God allowed David to undergo many trials and hardships. One might suppose that if David had remained a shepherd, his life would have been much easier. But Jehovah anointed him, at least in a token way. His anointing occurred when Israel’s judge, Samuel, poured fragrant oil upon the shepherd boy’s head, signifying he had been chosen by God. God’s spirit began to work upon David, and in short order, he was impelled onto the battlefield with a sling and a stone facing down the hulking giant, Goliath.

The source of David’s power was no secret. He told the Philistine moments before he slung a stone into Goliath’s massive skull that he was coming to him with the name of Jehovah. And that was that.

David became an overnight national hero. Women sang songs in his honor. Having God’s favor was the beginning of his life of many difficulties. King Saul became murderously envious of David and forced him to flee into the wilderness and live as a hunted fugitive. Many of David’s songs were composed while he was running for his life.

Because of his many near-death experiences, he learned to trust Jehovah more and more. Looking back on his difficulties after finally securing his throne, David composed the 30th Psalm. In the opening verses, the poet/king sang: “I will exalt you, O Jehovah, for you have lifted me up; you did not let my enemies rejoice over me. O Jehovah my God, I cried to you for help, and you healed me. O Jehovah, you have lifted me up from the Grave. You kept me alive; you spared me from sinking into the pit. Sing praises to Jehovah, you his loyal ones, give thanks to his holy name; because being under his anger is only for a moment, but being in his favor is for a lifetime. Weeping may come in the evening, but in the morning, there is a joyful cry.” — Psalms 30:1-5

Ironically, David did not provoke Jehovah to anger until after he became king. As king, on more than one occasion, he abused his power and authority. Although God forgave David for his grievous sin, he did not give the king an exemption from punishment. Jehovah could have had David put to death for his sin with Bathsheba and for having her husband killed in battle. Instead of death, Jehovah spared him and kept him alive, just as he had many times before when David was a fugitive. And so, David could sincerely sing praises to his God for his great mercy.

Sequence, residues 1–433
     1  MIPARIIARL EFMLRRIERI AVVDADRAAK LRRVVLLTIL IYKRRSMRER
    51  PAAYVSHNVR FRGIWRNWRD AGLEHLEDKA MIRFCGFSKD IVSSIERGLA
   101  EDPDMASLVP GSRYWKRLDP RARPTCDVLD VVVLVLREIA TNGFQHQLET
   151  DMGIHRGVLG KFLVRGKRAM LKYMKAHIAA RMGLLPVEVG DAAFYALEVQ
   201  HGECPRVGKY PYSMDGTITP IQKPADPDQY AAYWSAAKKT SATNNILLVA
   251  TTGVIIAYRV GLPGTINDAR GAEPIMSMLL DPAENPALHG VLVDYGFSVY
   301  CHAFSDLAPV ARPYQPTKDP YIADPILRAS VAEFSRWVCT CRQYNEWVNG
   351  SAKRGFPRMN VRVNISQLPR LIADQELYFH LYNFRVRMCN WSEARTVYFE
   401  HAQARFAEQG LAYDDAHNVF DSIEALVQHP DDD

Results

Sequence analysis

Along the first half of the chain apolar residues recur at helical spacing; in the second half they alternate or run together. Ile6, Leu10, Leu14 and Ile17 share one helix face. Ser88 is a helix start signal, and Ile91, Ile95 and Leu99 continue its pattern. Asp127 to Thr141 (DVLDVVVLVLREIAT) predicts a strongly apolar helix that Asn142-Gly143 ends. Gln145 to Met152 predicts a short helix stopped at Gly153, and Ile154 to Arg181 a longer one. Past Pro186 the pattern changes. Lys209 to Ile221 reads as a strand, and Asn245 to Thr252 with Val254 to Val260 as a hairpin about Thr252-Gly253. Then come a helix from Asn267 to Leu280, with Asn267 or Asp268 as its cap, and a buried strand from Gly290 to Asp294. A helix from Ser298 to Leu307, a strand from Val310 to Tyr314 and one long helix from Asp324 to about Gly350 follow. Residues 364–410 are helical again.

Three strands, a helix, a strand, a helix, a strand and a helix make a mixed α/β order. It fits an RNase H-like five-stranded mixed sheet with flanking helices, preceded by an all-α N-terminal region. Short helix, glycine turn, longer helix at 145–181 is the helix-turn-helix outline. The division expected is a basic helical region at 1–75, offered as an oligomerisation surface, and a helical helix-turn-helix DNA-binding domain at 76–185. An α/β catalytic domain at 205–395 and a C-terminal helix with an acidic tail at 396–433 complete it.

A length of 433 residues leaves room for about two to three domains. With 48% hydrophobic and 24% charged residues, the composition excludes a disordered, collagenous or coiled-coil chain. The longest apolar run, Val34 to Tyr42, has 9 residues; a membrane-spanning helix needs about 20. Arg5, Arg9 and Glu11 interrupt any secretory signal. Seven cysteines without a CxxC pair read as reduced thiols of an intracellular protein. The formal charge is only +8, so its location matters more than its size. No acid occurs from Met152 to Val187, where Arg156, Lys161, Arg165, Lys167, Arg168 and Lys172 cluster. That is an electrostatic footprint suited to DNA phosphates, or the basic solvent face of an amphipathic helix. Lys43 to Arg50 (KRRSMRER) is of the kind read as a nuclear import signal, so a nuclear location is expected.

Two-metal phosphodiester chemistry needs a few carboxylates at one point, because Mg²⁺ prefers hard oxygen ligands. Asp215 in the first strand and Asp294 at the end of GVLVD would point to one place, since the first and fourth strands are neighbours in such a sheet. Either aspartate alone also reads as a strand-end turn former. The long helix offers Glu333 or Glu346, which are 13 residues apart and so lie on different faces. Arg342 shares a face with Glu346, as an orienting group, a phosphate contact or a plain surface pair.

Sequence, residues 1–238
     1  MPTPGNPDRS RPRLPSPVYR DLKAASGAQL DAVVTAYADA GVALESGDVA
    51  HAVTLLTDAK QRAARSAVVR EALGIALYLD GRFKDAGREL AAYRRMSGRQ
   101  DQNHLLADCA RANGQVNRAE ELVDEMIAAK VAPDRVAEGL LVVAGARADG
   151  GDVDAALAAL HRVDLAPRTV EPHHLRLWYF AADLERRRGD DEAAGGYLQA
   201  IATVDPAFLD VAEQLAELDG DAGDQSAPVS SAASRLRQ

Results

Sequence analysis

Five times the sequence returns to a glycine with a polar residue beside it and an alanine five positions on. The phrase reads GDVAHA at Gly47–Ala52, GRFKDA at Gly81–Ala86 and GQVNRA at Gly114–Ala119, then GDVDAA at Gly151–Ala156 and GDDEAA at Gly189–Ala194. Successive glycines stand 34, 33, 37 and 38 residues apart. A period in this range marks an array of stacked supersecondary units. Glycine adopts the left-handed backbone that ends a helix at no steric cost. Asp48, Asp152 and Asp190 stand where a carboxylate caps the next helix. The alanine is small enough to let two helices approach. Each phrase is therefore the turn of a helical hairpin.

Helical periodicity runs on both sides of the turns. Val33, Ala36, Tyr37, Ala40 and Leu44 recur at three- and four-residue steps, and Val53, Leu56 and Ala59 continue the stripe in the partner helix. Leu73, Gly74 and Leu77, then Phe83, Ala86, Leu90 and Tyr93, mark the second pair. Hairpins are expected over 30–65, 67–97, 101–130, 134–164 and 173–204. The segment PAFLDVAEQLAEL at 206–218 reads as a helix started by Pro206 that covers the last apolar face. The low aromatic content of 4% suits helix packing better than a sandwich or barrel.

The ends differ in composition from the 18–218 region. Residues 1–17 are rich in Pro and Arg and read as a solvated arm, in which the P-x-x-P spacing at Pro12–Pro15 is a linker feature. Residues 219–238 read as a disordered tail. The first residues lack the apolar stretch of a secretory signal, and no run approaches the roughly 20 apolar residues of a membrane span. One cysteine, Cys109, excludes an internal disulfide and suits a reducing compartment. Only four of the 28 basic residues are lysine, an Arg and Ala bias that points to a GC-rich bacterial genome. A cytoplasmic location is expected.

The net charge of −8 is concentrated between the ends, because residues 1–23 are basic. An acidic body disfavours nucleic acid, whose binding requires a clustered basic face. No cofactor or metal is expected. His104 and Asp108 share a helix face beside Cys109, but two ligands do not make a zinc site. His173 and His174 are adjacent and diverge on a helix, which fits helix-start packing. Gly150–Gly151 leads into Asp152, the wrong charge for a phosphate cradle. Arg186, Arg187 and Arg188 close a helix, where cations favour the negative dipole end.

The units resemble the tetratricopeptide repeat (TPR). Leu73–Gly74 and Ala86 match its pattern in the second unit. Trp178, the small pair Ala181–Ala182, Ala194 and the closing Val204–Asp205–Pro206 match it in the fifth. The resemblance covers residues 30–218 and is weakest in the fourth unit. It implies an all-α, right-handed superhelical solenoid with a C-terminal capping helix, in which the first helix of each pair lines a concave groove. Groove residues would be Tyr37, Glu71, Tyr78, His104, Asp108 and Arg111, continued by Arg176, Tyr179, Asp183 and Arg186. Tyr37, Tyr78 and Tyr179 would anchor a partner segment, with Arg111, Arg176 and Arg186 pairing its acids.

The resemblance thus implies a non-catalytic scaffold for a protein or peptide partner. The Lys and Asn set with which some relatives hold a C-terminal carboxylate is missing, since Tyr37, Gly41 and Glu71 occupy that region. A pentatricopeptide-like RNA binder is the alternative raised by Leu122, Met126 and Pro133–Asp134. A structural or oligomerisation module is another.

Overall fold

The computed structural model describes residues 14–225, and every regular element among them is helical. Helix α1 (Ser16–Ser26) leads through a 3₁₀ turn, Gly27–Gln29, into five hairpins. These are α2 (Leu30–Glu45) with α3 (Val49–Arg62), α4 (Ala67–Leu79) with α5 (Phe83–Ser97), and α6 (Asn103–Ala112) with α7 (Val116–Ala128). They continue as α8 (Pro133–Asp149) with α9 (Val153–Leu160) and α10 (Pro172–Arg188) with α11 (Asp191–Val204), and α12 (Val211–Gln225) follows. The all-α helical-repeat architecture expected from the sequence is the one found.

David experienced both Jehovah’s anger and his mercy, and so the Psalmist wrote from his own personal experience: “Sing praises  to Jehovah, you his loyal ones, give thanks to his holy name; because being under his anger is only for a moment, but being in his favor is for a lifetime. Weeping may come in the evening, but in the morning, there is a joyful cry.”

As for David’s punishment, God allowed for the palace intrigue that marred the later part of David’s reign. His own son, Absalom, usurped the throne and tried to have David put to death. Once again, David’s enemies were persons in his own household, and he was forced to vacate the comforts of his palace and become a fugitive. As king, David wielded immense power, yet he could not prevent his own son from driving him off the throne that Jehovah had given him.

David may well have had that experience in mind when he composed these lyrics: “When I was untroubled, I said: “I will never be shaken.” O Jehovah, while I was in your favor, you made me as strong as a mountain. But when you hid your face, I became terrified.”

Writing to the Romans centuries later, the apostle Paul reminded them and us: “All the things that were written beforehand were written for our instruction, so that through our endurance and through the comfort from the Scriptures we might have hope.”

Jesus forewarned Christians not to be terrified when they experience the beginning pangs of distress that will mark the beginning of the end of Satan’s world. Ultimately, the antitypical city of Jerusalem will become desolate. It will be an expression of God’s judgment. But the heavenly city cannot be shaken by the tumult on earth. Even so, terrifying events will prevail. Everyone’s faith will be shaken. God will hide his face, meaning he will not intervene for a time. Those who have been looked to as Heaven’s spokesmen will have no answers. Then David’s prayerful psalm will have meaning for us: “To you, O Jehovah, I kept calling; and to Jehovah, I kept pleading for favor. What profit is there in my death, in my going down to the pit? Will the dust praise you? Will it tell of your faithfulness? Hear, O Jehovah, and show me favor. O Jehovah, become my helper.”

David also penned the messianic psalm that foretold God would not leave the soul of his anointed in the Grave. In fact, Psalms 16:10 says: “You will not allow your loyal one to see the pit.”

Of course, Jesus did “see the pit.” He expired and was wrapped in burial cloth and laid in a tomb. However, Jehovah did not allow Jesus to remain entombed. On the third day, he arose to life eternal. But the remaining ones who are in union with Christ when he comes will fulfill the prophetic psalm. Even though they will be killed by their enemies, they will not see the pit. No! Not even for a nanosecond. Because, in the blink of an eye, they will be changed from flesh to spirit. Thereafter, they will praise Jehovah in his very presence forever.

You make known to me the path of life. In your presence is abundant joy; there is happiness at your right hand forever.” — Psalms 30:11

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